irrational region in space and will vary with each and every
    relativistic change in the position of the other particles.

    13.Two different objects with comparatively different defined
    regions in space can be bound together into a single stable
    object by atomic or molecular binding forces such that their
    resulting region of space will be exactly in the middle of
    the line joining their respective spaces. For two stable
    objects, it can be a two or three dimensional region in space
    while for dynamic objects, it could be a dynamic region of
    space, that changes with the relative change in either one of
    the dynamic objects.

    14.Such a region in space possessed by an object is termed as
    "Center Of Gravity" or COG for short.
     
  8. Jun 26, 2014 #7

    SteamKing

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    Well, if you like overthinking a simple concept, Post #6 ought to get a Noble Prize, or an Ignobel Prize.

    To determine the c.o.g. for most things, it's more a matter of geometry than any particularly deep thinking.

    To paraphrase Borek, Post #6 is a 14-course 'word salad'.
     
  9. Jun 27, 2014 #8
    Thank you for your reading and reply of the "simple concepts". COG is not just a matter of geometry, but involves the bonds that exists between each and every particle, and also the nature of the bonds and it gets more complicated if non-homogeneous objects are bought into consideration.

    Yes, I like over thinking a simple concept, like Newton who obsessed with an apple which fell on his head. By the way, COG is simple to our view because we experience it within the Earth's gravitational field. You have no idea what will happen when complex objects behave in space...
     
  10. Jun 27, 2014 #9

    A.T.

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    Newton wasn't over thinking but rather simplifying things by introducing a simple and universal law of gravitation.
     
  11. Jun 27, 2014 #10

    SteamKing

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    I'm afraid you need to cite some scientific paper or study to provide a foundation for these assertions.

    I sorry to disappoint you, but 'bonds' have nothing to do with determining the c.g of an object.
     
  12. Jun 27, 2014 #11

    Doc Al

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    In a uniform gravitational field, center of gravity is the same as center of mass.

    But neither has anything to do with the internal forces or bonds within an object. All that matters is the mass distribution.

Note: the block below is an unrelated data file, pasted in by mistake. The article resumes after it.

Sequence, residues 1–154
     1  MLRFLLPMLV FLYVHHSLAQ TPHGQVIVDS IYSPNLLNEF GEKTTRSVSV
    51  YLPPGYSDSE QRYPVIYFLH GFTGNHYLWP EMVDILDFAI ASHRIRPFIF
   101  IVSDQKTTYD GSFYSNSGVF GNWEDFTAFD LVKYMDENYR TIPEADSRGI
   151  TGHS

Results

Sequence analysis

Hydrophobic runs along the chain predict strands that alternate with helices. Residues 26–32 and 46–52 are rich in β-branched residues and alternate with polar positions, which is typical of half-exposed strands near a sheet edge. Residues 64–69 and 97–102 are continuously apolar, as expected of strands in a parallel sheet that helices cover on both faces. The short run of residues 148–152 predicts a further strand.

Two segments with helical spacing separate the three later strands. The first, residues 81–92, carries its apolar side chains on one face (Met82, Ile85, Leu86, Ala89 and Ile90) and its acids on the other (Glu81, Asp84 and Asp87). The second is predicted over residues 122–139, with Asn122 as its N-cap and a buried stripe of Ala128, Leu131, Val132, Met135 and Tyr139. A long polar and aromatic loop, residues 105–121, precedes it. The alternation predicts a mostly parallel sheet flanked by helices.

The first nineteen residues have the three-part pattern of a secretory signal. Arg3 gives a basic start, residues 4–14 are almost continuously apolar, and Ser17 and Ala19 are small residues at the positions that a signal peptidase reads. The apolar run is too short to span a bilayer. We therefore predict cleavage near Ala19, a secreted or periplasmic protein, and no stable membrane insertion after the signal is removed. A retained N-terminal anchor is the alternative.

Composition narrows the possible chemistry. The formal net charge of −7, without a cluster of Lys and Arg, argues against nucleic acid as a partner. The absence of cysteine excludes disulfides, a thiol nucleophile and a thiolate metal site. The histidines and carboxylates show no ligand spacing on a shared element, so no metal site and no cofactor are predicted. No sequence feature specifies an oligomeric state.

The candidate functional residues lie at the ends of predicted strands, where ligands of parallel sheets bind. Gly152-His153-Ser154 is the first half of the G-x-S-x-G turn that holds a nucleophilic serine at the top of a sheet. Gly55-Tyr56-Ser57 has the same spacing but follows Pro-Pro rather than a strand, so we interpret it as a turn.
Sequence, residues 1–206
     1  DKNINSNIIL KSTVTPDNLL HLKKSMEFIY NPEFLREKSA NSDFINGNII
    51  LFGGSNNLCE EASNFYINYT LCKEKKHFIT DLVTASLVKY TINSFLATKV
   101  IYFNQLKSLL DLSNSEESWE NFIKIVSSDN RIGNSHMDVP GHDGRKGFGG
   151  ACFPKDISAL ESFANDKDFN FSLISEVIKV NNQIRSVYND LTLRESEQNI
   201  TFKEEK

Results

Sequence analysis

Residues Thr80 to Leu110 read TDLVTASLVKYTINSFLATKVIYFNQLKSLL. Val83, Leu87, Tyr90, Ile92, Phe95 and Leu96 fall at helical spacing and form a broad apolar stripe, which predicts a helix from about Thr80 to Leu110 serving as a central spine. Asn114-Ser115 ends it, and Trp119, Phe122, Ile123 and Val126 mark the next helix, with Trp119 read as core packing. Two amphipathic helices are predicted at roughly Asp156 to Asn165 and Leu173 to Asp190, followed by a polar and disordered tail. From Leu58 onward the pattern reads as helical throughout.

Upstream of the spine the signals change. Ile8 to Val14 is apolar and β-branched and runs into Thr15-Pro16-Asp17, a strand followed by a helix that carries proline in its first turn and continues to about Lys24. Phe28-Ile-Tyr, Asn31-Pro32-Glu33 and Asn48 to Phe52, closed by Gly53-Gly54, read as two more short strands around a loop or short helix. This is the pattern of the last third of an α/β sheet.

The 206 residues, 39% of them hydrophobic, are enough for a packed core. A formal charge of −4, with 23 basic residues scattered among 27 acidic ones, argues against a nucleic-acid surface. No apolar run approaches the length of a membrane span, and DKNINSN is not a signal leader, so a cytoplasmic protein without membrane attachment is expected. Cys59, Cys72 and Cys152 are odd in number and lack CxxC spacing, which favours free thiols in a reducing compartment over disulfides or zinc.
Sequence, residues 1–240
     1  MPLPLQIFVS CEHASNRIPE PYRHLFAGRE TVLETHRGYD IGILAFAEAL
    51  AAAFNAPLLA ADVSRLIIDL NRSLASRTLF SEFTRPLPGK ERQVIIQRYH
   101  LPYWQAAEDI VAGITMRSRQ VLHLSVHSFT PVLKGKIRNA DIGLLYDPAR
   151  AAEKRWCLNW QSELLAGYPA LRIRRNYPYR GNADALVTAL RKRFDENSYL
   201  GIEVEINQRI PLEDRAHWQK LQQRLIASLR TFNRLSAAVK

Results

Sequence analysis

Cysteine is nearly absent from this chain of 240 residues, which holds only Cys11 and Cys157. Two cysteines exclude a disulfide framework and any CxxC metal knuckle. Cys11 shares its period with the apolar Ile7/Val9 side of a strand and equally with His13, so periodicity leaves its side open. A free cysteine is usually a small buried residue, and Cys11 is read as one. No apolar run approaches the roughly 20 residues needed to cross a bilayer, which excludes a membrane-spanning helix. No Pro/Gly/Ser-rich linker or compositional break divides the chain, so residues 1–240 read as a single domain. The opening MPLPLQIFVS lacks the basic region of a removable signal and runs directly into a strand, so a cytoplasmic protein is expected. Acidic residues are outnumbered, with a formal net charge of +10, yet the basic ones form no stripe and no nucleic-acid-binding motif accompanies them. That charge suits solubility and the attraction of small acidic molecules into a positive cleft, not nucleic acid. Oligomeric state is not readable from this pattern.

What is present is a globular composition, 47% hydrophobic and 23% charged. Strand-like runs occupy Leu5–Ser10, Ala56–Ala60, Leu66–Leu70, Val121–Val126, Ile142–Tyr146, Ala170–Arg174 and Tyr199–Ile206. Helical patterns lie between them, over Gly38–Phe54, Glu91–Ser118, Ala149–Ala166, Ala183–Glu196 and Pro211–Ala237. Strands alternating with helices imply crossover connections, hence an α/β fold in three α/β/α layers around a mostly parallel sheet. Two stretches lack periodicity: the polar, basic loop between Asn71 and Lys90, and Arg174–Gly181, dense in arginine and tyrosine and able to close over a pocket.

13. Jun 27, 2014 #12
    Yeah, well if I had found any scientific paper that provided a foundation for these assertions, I wouldn't be here.

    I am sorry to disappoint you too, but they do play a role in determining the COG of an object.

    If you still don't get a picture, imagine you have a stick. A long stick and you are holding it in your hand vertically. You can find the COG of the stick, it'll be right in the middle of it.Now, as you are holding it, one arbitrary portion of the stick gets weak and the rest of the stick begins to break apart slowly. Now where do you think the COG will be?
     
  14. Jun 27, 2014 #13
    Yes, he clearly was over thinking instead of just eating the apple. In fact, he wouldn't have even thought about "simplifying" even though, he did no experiments, just an object fell over his head.
     
  15. Jun 27, 2014 #14

    Doc Al

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    As long as the mass distribution remains the same, so will the COG. If the mass redistributes, the COG will change accordingly.

    You need to understand how COG/COM is defined.
     
  16. Jun 27, 2014 #15

    Doc Al

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    I think you can stop comparing yourself to Newton. :smile:
     
  17. Jun 27, 2014 #16
    Black holes get changed in their internal symmetry due to gravity.If that's too easy, consider the sea. It is in an uniform gravitational field, but you have no idea of center of gravity or center of mass.

    I am trying to understand gravity in a whole new level... not just mass, not just symmetry, not just the bond or it's nature, not just about the object itself even though how much complicated it is.

    We cannot apply the standard center of mass and center of gravity calculation to all objects in the universe. Each and every single particle in the atom which determine it's characteristics contribute to the nature of the object. We cannot conclude into discarded and unexplored parts of science because it is redundant...
     
  18. Jun 27, 2014 #17
    Do you have an imaginative mind? btw, I am not Newton and am not comparing him with me...
     
  19. Jun 27, 2014 #18

    Doc Al

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    Sounds like you are not interested in mainstream science, but in your personal theories. That is a violation of our rules.

    On that note, this thread is closed.